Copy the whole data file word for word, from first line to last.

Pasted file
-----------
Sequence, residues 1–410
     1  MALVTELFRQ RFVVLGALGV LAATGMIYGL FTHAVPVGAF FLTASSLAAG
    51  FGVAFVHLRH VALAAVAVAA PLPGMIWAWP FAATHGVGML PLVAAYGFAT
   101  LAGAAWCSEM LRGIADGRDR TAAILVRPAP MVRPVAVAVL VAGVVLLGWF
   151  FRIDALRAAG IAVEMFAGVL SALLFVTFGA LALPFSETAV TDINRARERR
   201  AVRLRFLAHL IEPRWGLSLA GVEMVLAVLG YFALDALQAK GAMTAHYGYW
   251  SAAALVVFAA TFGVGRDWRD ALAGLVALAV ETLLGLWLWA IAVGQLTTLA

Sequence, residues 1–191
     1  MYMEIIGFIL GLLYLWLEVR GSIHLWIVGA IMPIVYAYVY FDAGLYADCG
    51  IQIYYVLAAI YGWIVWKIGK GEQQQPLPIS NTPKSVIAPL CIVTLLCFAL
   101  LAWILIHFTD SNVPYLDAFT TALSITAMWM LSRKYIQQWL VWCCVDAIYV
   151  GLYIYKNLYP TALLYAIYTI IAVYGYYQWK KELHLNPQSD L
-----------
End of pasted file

Sequence, residues 1–410
     1  MALVTELFRQ RFVVLGALGV LAATGMIYGL FTHAVPVGAF FLTASSLAAG
    51  FGVAFVHLRH VALAAVAVAA PLPGMIWAWP FAATHGVGML PLVAAYGFAT
   101  LAGAAWCSEM LRGIADGRDR TAAILVRPAP MVRPVAVAVL VAGVVLLGWF
   151  FRIDALRAAG IAVEMFAGVL SALLFVTFGA LALPFSETAV TDINRARERR
   201  AVRLRFLAHL IEPRWGLSLA GVEMVLAVLG YFALDALQAK GAMTAHYGYW
   251  SAAALVVFAA TFGVGRDWRD ALAGLVALAV ETLLGLWLWA IAVGQLTTLA

Sequence, residues 1–191
     1  MYMEIIGFIL GLLYLWLEVR GSIHLWIVGA IMPIVYAYVY FDAGLYADCG
    51  IQIYYVLAAI YGWIVWKIGK GEQQQPLPIS NTPKSVIAPL CIVTLLCFAL
   101  LAWILIHFTD SNVPYLDAFT TALSITAMWM LSRKYIQQWL VWCCVDAIYV
   151  GLYIYKNLYP TALLYAIYTI IAVYGYYQWK KELHLNPQSD L